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The discovery of how opiates such as morphine and heroin relieve pain and produce euphoria is one of the most dramatic tales of modern science. It begins in 1971 when, at the height of the undeclared war in Vietnam, Richard Nixon officially announced a war on drugs. Heroin addiction—no longer confined to urban ghettos—was causing bad public relations for the White House. The specter of young American soldiers demoralized, drugged, and committing atrocities was not the image President Nixon wished to convey as he argued for further bombings of North Vietnam.
In this book Solomon Snyder describes the political maneuverings and scientific sleuthing that led him and Candace Pert, then a graduate student in his lab, to a critical breakthrough in the effort to understand addiction. Their discovery—the so-called opiate receptor—is a structure on the surface of certain nerve cells that attracts opiates. Heroin or morphine molecules fit into opiate receptors much as a key fits into the ignition switch of a car—thus turning on the engine of the cell. Snyder and his students were able to show that nerve cells which possess opiate receptors are found in precisely those parts of the brain that control emotion and pain.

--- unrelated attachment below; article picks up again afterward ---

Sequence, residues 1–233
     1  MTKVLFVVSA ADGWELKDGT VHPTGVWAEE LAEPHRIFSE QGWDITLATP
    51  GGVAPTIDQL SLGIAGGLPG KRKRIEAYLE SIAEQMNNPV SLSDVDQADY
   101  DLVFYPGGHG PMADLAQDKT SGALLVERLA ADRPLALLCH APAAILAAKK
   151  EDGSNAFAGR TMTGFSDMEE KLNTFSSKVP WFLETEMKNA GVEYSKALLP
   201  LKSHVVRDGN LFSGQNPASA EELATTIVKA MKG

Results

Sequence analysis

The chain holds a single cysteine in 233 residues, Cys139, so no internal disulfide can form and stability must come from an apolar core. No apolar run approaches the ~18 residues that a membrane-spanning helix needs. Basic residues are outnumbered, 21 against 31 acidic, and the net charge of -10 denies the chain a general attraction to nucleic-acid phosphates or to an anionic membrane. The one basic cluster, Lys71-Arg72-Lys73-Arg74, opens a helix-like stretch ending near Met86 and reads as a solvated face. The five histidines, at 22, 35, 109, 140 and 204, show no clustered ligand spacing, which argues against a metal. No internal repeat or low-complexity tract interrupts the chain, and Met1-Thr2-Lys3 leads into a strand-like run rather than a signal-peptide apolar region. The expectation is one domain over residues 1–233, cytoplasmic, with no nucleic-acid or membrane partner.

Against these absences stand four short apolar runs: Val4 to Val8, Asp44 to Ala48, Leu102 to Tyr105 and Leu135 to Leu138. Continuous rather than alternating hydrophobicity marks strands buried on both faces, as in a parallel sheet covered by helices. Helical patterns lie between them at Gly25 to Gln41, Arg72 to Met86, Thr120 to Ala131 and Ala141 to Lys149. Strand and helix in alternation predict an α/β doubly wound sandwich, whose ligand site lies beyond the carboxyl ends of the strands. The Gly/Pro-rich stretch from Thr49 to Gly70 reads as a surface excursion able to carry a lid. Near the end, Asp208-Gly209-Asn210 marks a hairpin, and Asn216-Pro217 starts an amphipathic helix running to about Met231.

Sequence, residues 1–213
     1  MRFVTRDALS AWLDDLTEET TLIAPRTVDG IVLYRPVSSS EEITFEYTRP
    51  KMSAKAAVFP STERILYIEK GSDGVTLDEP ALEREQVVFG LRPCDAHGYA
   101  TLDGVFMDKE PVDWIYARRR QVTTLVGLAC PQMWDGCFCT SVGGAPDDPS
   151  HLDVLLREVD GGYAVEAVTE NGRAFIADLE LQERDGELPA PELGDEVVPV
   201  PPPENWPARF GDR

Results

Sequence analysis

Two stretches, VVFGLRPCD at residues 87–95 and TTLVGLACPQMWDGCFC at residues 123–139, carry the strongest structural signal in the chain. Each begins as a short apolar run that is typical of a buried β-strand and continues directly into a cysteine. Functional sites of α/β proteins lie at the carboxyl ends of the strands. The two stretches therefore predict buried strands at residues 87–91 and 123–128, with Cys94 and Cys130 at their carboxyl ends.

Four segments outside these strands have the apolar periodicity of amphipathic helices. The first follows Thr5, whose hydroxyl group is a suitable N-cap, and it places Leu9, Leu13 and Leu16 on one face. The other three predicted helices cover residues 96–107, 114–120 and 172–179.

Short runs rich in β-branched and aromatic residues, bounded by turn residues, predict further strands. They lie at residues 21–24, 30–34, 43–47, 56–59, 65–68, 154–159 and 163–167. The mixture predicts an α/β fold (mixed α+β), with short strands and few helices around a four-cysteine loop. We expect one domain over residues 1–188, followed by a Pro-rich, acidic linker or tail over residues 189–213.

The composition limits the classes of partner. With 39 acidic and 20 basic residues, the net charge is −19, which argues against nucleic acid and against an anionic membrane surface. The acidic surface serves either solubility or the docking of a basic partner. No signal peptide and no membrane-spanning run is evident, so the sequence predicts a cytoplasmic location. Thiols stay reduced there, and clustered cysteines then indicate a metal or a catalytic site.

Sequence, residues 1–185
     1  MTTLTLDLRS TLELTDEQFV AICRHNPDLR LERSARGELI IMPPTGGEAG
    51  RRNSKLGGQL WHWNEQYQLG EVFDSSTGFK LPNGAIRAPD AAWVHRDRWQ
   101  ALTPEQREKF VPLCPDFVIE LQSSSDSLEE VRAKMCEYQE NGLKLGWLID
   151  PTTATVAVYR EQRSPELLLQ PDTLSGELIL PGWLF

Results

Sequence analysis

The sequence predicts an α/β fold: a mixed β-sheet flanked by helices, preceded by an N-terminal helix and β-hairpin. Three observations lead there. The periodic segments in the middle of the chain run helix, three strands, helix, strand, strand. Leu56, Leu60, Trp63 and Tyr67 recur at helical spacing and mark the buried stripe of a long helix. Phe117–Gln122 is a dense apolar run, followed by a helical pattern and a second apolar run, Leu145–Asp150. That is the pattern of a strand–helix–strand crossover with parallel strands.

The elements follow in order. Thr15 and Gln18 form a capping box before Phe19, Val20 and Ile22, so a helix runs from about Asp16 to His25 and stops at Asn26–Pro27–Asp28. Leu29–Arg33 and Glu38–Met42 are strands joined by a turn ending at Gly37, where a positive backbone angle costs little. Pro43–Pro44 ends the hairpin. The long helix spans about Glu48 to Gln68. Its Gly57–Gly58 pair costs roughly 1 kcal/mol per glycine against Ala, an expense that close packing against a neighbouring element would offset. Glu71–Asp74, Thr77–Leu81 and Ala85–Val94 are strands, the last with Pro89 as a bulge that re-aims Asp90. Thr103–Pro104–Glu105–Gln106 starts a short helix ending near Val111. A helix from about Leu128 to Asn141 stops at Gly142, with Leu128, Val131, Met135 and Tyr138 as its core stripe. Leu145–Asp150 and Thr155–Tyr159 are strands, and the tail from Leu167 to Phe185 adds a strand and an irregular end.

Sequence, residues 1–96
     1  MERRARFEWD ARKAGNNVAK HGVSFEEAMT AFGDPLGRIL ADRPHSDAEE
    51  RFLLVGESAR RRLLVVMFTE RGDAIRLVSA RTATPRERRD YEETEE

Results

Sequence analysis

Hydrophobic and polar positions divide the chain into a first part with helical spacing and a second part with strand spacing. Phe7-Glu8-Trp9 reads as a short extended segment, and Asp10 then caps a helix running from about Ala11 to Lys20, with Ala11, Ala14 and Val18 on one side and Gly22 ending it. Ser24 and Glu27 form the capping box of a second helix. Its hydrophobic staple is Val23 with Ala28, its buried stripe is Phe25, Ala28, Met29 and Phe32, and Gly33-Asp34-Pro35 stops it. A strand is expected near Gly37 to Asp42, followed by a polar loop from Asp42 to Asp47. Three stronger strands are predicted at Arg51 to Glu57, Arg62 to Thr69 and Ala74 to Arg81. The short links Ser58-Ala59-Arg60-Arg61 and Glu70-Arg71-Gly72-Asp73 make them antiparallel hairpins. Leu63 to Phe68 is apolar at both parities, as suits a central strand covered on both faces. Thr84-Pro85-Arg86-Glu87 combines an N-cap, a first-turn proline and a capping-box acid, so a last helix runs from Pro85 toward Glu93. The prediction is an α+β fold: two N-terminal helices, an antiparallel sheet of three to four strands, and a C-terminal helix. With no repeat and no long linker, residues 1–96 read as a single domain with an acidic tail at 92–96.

Dr. Snyder describes the friendly yet intense competition from other researchers to expand upon this initial discovery. From the work of two Scottish investigators, Hans Kosterlitz and John Hughes, neuroscientists now know not only where opiate receptors are found in the brain but also why they are there: to serve as binding sites for an opiate-like substance produced by the brain itself—the brain’s own morphine. This substance, called enkephalin, regulates pain, mood, and a host of other physiological functions.
From this very human chronicle of scientific battles in the ongoing war against pain and addiction, we gain an appreciation of the extraordinary intellectual processes of an eminent scientist. But Dr. Snyder’s story of scientific brainstorming also affords us rare glimpses into the fruitful, sometimes frustrating, relationships among scientists which enrich and complicate creative work. We are reminded of the delicate political alliances that are forged at every level of organization, from the lab bench to the Oval Office, as the scientific community attempts to fit its needs to those of the larger society.